Wall Street’s next trading innovation: Airline fares derivatives

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An Airbus narrow body plane

Nicolas Economou | NurPhoto | Getty Images

European planemaker Airbus is working with Nasdaq to develop a derivatives-based trading platform that will allow airlines to protect against swings in ticket prices.

Just like airline companies use oil futures to hedge against the volatility in fuel costs, they will soon be able to do the same with the swings in ticket fares, which fluctuate drastically during holidays, events and different weather.

The London-based platform Skytra will enable airlines to manage its revenue risks for the first time by trading futures and options contracts based on its proprietary indices. The company said it has been developing benchmarks to track the daily changes in the price of air travel for two years.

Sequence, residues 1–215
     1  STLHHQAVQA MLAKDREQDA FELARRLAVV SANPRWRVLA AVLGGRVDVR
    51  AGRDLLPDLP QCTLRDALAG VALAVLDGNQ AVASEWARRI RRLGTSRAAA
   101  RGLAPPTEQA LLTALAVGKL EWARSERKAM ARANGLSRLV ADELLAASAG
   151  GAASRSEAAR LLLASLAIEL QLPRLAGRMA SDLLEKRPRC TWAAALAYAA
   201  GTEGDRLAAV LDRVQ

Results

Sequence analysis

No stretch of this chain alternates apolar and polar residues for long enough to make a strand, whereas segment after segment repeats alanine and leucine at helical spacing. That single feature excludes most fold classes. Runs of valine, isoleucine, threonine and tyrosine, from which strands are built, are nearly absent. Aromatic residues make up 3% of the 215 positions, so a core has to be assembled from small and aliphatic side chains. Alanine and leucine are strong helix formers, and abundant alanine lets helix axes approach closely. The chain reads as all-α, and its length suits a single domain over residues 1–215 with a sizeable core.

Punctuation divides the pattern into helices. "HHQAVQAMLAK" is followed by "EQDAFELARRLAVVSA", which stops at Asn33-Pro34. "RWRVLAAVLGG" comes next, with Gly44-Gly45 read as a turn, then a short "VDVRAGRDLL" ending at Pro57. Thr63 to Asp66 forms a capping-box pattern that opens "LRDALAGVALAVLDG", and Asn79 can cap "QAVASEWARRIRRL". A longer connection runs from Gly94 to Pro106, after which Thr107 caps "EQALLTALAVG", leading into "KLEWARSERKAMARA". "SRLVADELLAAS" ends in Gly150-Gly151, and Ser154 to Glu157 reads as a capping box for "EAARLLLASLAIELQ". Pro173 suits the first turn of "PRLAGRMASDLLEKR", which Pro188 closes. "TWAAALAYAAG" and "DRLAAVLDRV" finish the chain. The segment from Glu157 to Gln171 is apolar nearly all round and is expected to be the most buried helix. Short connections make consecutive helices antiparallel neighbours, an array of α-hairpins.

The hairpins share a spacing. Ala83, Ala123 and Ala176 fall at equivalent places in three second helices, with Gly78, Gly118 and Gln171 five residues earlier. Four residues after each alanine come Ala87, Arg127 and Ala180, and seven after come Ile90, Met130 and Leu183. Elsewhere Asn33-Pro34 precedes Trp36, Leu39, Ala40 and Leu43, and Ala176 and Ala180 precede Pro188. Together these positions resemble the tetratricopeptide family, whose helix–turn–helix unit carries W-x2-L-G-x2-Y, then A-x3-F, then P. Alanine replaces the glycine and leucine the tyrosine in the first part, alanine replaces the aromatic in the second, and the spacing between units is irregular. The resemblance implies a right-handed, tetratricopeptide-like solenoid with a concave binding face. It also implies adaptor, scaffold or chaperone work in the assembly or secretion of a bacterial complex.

Nasdaq will provide technology to ensure functionality including matching, surveillance, risk management and regulatory reporting.

“Skytra has been created in collaboration with the air travel industry and players outside it to enable more financial predictability in a volatile market,” Christian Scherer, Airbus’ chief commercial officer, said in a statement.

Airlines have long been exposed to uncertainties around short-term revenue. Up to 90% of the tickets are booked within 90 days before take-off, and reduced demand or increased seat supply can hurt sales significantly, according to Airbus.

“The creation of Skytra by Airbus represents a dynamically new intersection between aviation and financial marketplaces, where the benefits will extend to companies in both ecosystems and the broader markets economy,” Adena Friedman, president and CEO of Nasdaq, said in a statement.

Financial Times first reported Airbus’ plans to launch such a venue.

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